Why students take to the streets to protest against the war in Israel


European Union

Joe-Lize Kruijsse-Brugge, CNE.news

Protest in Naples, Italy. Photo EPA, Ciro Fusco

Students protest against Israel all over Europe. What is behind this wave?

Student protests erupted in the United States first. Earlier in May, violent riots broke out at Columbia University. More than 100 students were arrested.

This event inspired hundreds of students, all over the world, to demonstrate against Israel. All over Europe, university students walked out of their classrooms, occupied university buildings and shouted slogans for an “end to the occupation in Gaza”.

In which countries do students protest?
The student protests have not been limited to a few European countries. Instead, several nations seem to have been infected with the demonstration virus that blew over from the United States. Countries where students took to the streets include the Netherlands, Ireland, Germany, Belgium, France, Austria, Finland, Denmark, Italy, Spain and Switzerland.

Several of the demonstrations turned violent and the police made arrests in several countries. For example, in Germany, the police dragged away several students who did not follow the orders to leave the campus. In the Netherlands, students tried to camp at the campus. The riot police had to break up the protests, but could not prevent damages of over a million euros.

The riots and demonstrations are not over yet. Instead, students are called to protest in the near future as well.

Who are these protestors?
Behind the protests are some activist groups that consist of students and sometimes also of academic professors. One example is the Dutch scholars for Palestine. Via social media, students are encouraged to join the demonstrations. Many of them study at the university where the protests are occurring, but students from other towns and cities join as well. Also other activists, for example from the ecological club Extinction Rebellion, join the protests.

The protestors seem to lean more towards the left of the political spectrum. Those who took to the streets during the Black Lives Matter Protests are now also on the barricades for the Palestinians, Time.com writes.

To what extent are the protests anti-Jewish?
The protestors vehemently deny being anti-Semitic. Yet, many Jewish students say they do not feel safe at the universities any longer. Some of them wrote an open letter in the Dutch newspaper Het Parool.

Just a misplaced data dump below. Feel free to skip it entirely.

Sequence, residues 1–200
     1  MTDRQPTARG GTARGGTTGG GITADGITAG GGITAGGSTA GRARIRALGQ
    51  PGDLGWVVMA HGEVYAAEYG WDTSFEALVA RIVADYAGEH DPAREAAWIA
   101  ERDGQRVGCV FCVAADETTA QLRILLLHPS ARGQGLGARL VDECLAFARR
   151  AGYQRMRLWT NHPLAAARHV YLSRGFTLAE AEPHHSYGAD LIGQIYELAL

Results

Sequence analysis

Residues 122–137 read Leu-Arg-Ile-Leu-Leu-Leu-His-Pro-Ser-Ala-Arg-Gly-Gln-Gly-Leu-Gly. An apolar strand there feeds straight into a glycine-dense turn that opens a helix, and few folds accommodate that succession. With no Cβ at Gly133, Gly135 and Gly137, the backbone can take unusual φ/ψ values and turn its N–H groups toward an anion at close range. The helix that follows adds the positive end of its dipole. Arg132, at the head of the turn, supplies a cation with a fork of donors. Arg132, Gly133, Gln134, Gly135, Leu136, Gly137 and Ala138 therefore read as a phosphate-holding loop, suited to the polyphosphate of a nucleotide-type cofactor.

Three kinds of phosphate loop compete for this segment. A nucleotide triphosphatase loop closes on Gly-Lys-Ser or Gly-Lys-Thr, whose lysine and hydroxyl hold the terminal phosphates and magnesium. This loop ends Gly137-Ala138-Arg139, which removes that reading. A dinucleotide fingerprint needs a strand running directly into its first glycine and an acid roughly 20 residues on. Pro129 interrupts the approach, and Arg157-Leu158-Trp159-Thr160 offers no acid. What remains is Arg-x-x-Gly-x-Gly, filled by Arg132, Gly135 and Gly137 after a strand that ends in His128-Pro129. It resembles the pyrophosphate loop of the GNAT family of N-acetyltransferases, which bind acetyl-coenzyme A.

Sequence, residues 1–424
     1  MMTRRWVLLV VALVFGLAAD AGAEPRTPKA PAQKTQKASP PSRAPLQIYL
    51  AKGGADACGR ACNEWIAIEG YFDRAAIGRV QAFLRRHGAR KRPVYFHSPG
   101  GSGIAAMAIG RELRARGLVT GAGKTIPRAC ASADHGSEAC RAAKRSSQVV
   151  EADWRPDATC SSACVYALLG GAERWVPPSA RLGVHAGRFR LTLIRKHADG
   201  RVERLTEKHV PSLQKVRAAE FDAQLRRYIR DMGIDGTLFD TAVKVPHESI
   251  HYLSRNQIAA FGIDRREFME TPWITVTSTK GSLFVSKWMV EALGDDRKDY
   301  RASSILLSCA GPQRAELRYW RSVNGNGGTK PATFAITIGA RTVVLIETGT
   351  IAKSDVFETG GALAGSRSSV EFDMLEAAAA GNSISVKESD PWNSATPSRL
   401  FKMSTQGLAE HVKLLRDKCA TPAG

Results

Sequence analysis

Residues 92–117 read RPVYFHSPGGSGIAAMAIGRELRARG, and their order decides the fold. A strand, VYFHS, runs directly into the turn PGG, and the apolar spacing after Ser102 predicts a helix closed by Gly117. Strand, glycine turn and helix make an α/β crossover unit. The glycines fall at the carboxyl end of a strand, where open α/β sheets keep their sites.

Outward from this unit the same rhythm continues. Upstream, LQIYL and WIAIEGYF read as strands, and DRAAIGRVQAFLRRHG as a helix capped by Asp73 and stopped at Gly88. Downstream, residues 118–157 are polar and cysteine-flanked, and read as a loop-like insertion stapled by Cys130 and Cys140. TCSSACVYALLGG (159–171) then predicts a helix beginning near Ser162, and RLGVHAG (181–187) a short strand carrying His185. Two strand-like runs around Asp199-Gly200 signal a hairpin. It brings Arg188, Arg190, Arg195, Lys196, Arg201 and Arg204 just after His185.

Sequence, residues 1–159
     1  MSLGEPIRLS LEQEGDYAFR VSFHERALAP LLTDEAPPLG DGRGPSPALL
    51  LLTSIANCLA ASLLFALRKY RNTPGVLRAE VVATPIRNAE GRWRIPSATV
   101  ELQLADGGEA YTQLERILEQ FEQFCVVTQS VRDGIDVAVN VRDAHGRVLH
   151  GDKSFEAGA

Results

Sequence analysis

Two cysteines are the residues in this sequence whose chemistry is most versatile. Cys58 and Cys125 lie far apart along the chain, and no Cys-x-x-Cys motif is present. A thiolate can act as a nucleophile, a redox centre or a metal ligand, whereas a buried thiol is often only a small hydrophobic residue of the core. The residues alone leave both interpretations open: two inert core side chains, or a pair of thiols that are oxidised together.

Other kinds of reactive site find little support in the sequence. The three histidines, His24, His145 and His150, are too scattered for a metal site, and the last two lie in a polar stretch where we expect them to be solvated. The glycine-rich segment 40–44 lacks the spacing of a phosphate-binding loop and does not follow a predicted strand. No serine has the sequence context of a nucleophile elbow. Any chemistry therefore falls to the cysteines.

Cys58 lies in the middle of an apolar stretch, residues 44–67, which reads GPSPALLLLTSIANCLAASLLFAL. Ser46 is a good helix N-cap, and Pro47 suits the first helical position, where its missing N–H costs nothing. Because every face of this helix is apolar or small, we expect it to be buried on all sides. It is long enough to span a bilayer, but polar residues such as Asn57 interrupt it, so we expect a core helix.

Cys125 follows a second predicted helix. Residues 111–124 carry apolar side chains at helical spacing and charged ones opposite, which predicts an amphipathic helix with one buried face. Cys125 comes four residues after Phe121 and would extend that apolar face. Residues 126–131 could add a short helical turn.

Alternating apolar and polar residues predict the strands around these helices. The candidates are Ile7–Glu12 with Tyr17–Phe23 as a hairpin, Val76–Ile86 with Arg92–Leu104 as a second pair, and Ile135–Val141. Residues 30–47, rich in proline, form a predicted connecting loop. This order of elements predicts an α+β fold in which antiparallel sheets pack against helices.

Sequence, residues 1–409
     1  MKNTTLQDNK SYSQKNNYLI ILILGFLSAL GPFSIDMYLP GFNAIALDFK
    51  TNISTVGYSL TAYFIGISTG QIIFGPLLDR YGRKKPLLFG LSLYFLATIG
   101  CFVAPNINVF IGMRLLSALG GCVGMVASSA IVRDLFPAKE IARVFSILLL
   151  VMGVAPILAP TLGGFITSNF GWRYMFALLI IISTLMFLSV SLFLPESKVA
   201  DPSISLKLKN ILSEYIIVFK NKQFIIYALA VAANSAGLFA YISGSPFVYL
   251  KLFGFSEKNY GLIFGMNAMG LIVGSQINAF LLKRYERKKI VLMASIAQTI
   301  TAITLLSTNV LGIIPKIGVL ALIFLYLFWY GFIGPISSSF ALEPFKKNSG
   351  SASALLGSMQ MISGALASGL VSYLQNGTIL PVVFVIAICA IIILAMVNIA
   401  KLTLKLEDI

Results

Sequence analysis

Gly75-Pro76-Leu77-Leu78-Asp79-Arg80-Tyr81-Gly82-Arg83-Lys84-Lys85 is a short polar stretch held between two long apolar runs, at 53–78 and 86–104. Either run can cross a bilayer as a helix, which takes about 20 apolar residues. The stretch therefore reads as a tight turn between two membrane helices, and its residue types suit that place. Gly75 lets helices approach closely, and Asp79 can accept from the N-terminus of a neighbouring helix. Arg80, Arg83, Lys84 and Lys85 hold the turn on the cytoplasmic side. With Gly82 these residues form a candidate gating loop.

They point out that it is painful for them that some of the demonstrators openly support the terror movement Hamas that carried out a terrible terroristic attack in Israel on October 7. “A slogan like: “Globalise the intifada” is for Jews and Israelis a call to violence that refers to the first and second intifada when thousands of innocent Israeli civilians were killed by terror attacks”, they state, for example.

In addition, they do not feel the freedom to wear a kippah or a Star of David as this will lead to violent reactions, the students state.

What do the protesters want concretely?
The protesting students want Israel to implement an immediate ceasefire in the Gaza Strip. When it comes to the universities themselves, the students and some professors demand that these academic institutions immediately cut any ties they have with Israeli institutes. The protestors believe that the universities that have any investments in Israel contribute to the violence.

In addition, the protestors call for a ceasefire and want universities to acknowledge the violence as genocide and to “condemn the destruction of all of Gaza's universities”, The Guardian reports.

Protesting students in Paris, France. Photo EPA, Mohammed Badra

Why are universities affected by the protests?
Universities tend to be liberal places where people learn to think critically and voice their opinions freely. American research shows that university students tend to be more progressive than the average person. This could explain why universities are vulnerable to protests.

How do universities respond to the irregularities?
Until now, most universities have not given in to the demands of the protestors. In the Netherlands, only one college succumbed to the pressure and cut ties with an Israeli partner, as reported by the Dutch broadcaster NOS. Other universities have called the police for help. In some cases, the riot police had to show up to end the demonstrations. Again, others try to negotiate with the students about the conditions for the protests.

In Germany, the Christian Democrats are calling for the expulsion of pro-Palestinian students who protest at the university there, FAZ writes.

Overall, universities are not keen to give in to the demands of the pro-Palestinian demonstrators.



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